A proposed policy may make Italy the first western country to grant women who experience painful periods paid ‘menstrual leave’. Companies would be required to offer female employees three paid days off each month upon the presentation of a doctor’s diagnosis of dysmenorrhea. Dysmenorrhea refers to pain during menstruation, often around the time that bleeding begins. Symptoms commonly include cramps in the pelvis or lower abdomen and backache, but for some women it can cause vomiting and headaches. Whilst women can take sick leave when experiencing painful menstruation, many choose not to as they do not class themselves as ‘unwell’. The pervasive taboo surrounding periods contributes to this choice as many women feel embarrassed to admit when they are on their period, with time off perceived as a ‘sign of weakness’.

Menstrual leave was first passed in Japan in 1947, subsequently adopted in varying forms by a string of Asian countries including South Korea, Taiwan and Indonesia. In 2015, Zambia passed a law entitling women to take a 'Mother's Day' off once a month with no notice due to menstrual pain. Menstrual leave has also been enshrined in Nike’s code of conduct, the only multi-national corporation to do so, and in the UK by Bristol-based company ‘Coexist’ in 2016. Coexist aim to tap into female staff’s ‘natural rhythms’ in a bid to create a happier and more productive work environment, arguing that women are three times as productive as usual in the time immediately following a period, the ‘spring’ section of the menstrual cycle. Here at Women's Environmental Network, employees have been offered one day of paid menstrual leave a month (or pro rata equivalent) since at least 2005. 

Italy’s policy has attracted much debate as some argue that it may feed into negative stereotypes that women are more emotional during their period. Is asking for menstrual leave a retrograde request, undermining women's long-fought battle to discourage the notion that our biology makes us weaker or less able? If male and female rights are not balanced, can we ever hope for true equality in the workplace? In Japan, it was found that many women don’t take their menstrual leave due to such social stigma and a fear that sharing when you have your period with male colleagues could lead to sexual harassment. It has also been suggested that it may dis-incentivise certain firms from hiring more women which could be especially problematic in Italy with Italian women already having the lowest workforce participation rate among high-income economies. This has led many to argue for expanded sick leave for everyone so that commitment to work doesn’t appear different according to gender, in the same vein in which parental leave has been promoted for both parents, not just the mother.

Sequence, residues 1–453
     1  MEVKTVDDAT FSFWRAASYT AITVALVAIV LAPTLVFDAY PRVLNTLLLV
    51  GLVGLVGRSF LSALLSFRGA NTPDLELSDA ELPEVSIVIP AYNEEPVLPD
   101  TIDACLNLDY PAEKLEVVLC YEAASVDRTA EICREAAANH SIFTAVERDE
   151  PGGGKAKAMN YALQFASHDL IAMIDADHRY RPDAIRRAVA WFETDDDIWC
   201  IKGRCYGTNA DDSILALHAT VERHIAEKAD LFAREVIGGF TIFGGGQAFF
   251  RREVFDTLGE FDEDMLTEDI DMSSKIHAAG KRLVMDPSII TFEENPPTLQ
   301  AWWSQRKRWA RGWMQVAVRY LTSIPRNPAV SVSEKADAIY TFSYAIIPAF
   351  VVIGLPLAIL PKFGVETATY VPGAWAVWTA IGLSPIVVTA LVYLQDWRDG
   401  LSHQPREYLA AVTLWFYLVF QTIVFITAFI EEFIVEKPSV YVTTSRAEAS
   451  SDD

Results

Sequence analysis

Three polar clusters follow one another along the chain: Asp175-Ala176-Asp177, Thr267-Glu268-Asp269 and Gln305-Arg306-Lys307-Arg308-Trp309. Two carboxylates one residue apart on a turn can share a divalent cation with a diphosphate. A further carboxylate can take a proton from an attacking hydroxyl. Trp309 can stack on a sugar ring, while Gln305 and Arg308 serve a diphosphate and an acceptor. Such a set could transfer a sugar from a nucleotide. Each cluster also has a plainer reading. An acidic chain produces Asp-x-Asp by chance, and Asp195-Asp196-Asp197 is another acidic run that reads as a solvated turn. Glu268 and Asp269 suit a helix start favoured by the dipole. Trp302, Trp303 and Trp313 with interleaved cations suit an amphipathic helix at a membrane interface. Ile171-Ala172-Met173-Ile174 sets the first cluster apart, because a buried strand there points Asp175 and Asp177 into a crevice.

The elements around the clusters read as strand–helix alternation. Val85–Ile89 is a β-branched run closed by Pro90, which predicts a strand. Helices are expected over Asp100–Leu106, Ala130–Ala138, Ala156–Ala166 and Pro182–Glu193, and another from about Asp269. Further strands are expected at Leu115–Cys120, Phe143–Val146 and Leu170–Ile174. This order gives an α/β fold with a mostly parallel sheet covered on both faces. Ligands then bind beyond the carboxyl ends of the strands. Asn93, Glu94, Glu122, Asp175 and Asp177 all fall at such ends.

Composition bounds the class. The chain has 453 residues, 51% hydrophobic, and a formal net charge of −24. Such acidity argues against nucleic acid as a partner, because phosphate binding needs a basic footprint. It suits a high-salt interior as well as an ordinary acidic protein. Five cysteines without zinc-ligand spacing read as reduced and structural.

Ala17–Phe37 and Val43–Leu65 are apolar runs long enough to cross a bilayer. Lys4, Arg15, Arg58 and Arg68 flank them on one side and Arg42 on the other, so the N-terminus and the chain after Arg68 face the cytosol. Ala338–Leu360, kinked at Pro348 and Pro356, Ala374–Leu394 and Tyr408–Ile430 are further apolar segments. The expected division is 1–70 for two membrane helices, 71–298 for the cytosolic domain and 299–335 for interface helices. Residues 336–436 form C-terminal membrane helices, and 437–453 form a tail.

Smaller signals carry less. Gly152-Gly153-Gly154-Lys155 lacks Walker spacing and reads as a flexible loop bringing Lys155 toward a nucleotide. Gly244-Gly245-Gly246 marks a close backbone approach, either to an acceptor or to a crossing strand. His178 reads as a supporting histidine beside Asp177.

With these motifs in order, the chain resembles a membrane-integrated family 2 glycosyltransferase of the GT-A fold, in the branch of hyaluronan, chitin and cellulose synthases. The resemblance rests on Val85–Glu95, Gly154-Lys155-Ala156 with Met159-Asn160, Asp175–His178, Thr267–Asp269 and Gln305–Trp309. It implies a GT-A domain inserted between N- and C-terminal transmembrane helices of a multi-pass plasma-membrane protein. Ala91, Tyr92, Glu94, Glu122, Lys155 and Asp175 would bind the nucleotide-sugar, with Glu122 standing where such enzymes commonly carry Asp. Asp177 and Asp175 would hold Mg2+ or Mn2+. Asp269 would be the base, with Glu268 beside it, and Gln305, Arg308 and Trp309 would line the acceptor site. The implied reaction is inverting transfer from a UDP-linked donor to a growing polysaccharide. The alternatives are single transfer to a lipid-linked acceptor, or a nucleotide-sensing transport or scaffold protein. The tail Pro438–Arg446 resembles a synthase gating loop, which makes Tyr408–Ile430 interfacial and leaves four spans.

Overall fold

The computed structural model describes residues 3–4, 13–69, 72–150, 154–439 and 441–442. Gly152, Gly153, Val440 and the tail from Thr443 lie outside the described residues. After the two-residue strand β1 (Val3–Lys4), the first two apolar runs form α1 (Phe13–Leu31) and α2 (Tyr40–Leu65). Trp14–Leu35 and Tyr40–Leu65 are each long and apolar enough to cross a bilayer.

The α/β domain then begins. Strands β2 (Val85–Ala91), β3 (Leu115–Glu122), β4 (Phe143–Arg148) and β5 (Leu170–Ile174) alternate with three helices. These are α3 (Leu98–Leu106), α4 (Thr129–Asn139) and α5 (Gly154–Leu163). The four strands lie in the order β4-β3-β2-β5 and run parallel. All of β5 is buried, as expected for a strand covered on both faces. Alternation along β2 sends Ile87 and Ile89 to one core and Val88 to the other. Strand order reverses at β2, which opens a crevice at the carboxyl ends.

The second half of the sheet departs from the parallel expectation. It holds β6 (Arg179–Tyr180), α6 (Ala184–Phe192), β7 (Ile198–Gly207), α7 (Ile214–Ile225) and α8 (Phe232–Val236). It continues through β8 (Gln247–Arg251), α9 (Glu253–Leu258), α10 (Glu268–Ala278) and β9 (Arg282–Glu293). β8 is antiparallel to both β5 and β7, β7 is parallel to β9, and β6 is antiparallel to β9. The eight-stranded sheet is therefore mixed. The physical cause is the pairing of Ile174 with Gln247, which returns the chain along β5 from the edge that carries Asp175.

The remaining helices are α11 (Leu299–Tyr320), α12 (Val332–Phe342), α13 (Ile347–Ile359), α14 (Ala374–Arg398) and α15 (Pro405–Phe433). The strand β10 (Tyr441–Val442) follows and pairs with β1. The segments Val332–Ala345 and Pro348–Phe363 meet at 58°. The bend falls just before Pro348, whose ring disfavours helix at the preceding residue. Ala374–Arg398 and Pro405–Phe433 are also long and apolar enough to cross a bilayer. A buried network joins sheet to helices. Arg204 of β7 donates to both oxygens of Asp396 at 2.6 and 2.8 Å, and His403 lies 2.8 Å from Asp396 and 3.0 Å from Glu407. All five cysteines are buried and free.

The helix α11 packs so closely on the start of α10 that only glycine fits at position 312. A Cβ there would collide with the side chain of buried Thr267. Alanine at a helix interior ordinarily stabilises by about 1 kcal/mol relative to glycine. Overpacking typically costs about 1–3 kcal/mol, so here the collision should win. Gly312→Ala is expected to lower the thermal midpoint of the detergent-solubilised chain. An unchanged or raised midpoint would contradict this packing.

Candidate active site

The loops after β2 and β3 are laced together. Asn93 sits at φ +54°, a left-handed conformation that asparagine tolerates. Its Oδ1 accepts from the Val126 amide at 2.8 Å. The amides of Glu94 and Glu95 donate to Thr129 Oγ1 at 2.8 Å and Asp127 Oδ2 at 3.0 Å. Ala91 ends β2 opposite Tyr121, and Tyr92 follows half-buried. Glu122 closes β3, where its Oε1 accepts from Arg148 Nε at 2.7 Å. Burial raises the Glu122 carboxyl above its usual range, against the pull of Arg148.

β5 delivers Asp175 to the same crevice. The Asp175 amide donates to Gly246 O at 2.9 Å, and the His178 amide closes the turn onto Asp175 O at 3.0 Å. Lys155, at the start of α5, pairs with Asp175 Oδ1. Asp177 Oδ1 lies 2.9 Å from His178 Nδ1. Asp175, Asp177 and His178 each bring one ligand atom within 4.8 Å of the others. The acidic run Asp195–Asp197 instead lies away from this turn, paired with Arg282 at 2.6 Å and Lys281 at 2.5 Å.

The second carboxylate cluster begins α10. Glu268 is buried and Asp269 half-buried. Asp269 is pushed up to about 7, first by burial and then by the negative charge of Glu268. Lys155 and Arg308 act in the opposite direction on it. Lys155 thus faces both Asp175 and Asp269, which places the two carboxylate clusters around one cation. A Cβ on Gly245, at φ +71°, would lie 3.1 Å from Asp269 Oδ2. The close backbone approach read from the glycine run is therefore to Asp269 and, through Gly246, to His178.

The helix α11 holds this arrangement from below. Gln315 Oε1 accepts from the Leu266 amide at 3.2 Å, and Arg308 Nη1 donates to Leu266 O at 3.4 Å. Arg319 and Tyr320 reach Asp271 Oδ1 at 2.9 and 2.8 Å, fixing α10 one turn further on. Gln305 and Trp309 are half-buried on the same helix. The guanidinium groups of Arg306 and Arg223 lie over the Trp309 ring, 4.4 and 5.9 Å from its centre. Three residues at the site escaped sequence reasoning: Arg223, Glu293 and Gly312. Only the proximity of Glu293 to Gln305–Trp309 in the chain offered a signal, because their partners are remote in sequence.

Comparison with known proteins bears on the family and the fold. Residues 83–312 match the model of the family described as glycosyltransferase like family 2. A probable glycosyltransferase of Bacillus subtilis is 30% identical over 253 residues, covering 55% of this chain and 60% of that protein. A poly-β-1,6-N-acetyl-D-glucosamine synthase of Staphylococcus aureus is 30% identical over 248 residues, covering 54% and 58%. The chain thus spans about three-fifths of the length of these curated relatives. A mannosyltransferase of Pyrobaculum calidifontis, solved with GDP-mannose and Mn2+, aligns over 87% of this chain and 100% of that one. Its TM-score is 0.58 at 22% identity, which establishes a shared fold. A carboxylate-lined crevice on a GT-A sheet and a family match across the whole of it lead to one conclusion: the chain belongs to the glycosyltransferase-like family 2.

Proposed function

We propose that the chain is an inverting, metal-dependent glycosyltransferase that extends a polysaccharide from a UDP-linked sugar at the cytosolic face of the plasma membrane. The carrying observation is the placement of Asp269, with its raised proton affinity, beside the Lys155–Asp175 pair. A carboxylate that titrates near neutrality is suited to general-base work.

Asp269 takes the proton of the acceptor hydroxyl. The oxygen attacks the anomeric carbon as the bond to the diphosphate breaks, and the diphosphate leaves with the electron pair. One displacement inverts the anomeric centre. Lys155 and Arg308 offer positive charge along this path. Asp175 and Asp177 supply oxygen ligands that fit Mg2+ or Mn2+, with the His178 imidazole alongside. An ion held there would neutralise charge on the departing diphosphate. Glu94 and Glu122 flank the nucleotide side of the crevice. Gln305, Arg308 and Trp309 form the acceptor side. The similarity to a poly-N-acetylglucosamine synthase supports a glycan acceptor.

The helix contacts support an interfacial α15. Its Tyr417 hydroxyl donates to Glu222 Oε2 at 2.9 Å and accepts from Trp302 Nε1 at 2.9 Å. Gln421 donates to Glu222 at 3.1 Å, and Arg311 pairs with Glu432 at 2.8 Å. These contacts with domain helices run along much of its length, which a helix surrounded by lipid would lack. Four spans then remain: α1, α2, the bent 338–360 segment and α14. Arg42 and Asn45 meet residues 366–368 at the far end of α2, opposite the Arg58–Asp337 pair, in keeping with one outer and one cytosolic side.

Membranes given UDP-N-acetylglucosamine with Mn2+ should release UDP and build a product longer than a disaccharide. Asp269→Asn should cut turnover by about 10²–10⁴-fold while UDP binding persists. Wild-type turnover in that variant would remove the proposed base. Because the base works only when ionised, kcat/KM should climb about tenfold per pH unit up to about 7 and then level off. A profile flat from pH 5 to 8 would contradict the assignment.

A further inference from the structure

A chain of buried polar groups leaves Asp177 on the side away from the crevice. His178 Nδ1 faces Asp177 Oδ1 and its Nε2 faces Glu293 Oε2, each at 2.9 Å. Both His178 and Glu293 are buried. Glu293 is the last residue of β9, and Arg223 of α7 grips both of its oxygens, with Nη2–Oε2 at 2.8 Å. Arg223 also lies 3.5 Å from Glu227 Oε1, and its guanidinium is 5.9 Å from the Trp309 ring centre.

Such a solution, however, does nothing to tackle the stigma surrounding periods.  By stimulating conversation around menstruation and raising awareness of the very common problems associated with period pain which can severely affect a woman’s ability to work at all, let alone productively, women can be empowered to make positive decisions about their own health. Period pain should not be trivialised or subject to stigmatisation –as pointed out by the director of Coexist, if it were men who had periods then this policy would have been brought in much sooner. Periods must be normalised and this can only be done if we speak up about our experiences. Whilst it may not be perfect, Italy’s proposed policy is one such opportunity to bring menstruation into the spotlight which we must grab. So go forth and start a discussion with your friends – the more people understand about the realities of women’s health, the easier it will be to fight for positive change.

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